Signs of Past Life on Dead Star

Science Fields

An excess of oxygen astronomers detected on a dead star is seen as a sign that it has torn apart a water rich asteroid, and the abundance of water , in turn, has fueled speculations that it could have once hosted a planet that harboured life.  

The object of the study is a “white dwarf” 170 light years away from the Earth, catalogued as GD 61. In layman terms , it is a corpse, the product of an end awaiting most stars, including our sun. In about eight billion years, when it exhausts the fuels which sustain the fusion reactions that balance the inward pressure of outer layers, the sun , no longer able to produce the required energy, will puff away its envelope into space; and the core, containing about half of  the star’s original mass, but collapsed to about the size of the Earth and heated up, will emerge into open as a “white dwarf”  to cool slowly over billions of years and eventually disappear as a “black dwarf”. 

The evolution of a Sun like star culminating in a white dwarf (upper panel). Giant stars, however, punctuate their short lives by turning into neutron stars or black holes (lower panel).

The gravity of the centres of these dwarfs is so strong that, elements heavier than helium should immediately precipitate to the centre. But in the atmospheres of  some white dwarfs, including GD 61, astronomers have detected the presence of  such relatively heavy elements as silicon, oxygen etc. which shouldn’t be there.    Scientists think these  are pollution raining on the dwarf from the remnants of star’s death,  like planets, asteroids or comets which get captured by the gravitational field of the dwarf and disintegrate as they spiral in.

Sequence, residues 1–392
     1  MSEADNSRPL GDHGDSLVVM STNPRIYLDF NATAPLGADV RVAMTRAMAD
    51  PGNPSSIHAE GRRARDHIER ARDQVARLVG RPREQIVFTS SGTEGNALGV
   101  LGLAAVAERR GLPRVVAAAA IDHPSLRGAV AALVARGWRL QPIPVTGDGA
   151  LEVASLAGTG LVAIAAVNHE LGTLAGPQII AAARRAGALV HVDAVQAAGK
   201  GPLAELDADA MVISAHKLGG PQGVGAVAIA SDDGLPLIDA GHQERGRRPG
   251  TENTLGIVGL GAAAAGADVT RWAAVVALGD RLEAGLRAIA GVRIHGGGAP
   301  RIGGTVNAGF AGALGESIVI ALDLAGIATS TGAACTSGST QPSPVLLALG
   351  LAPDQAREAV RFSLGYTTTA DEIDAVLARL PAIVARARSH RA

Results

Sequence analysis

The reason for astronomers’ special interest in GD 61 is the high ratio of oxygen among these pollutants.  When the astronomers, first thinking that an asteroid  falling onto the white dwarf could have been coated with frozen carbon dioxide or “dry ice” discarded the scenario when no carbon was detected in dwarf’s atmosphere, the only viable alternative that remained was the gravitational capture and fragmentation of a water rich asteroid near the dwarf. Calculations show that the shredded asteroid was 26 to 28 percent water (ice) . The amount of water in dwarf’s atmosphere indicates that the asteroid was 90 kilometres wide and had a mass close to that of Vesta, one of the biggest asteroids in the Solar System.  But  since the dwarf should have drawn in some of the oxygen on its surface, astronomers do not rule out a larger mass for the disintegrated  asteroid. 

Cambridge University astronomer Jay Farihi  who led the study points to the role of the water rich asteroids in the formation of life-supporting planets as they carry   liquid water essential for life to the planet.  He notes that  while it’s not possible to roll back the history of GD 61, the  evidence for the water rich asteroid at least shows that the building blocs of Earth like planets had been present around the deceased star.



  • 1. Wade, L., “Stellar Graveyard Shows Signs of Possible (Past) Life”, SienceNOW, 10 Ekim 2013
  • 2. Farihi, J., Gäniscke, B.T., Koester, D., “Evidence for Water in the Rocky Debris of a disrupted Extrasolar Minor Planet”, Science, 11 Ekim 2013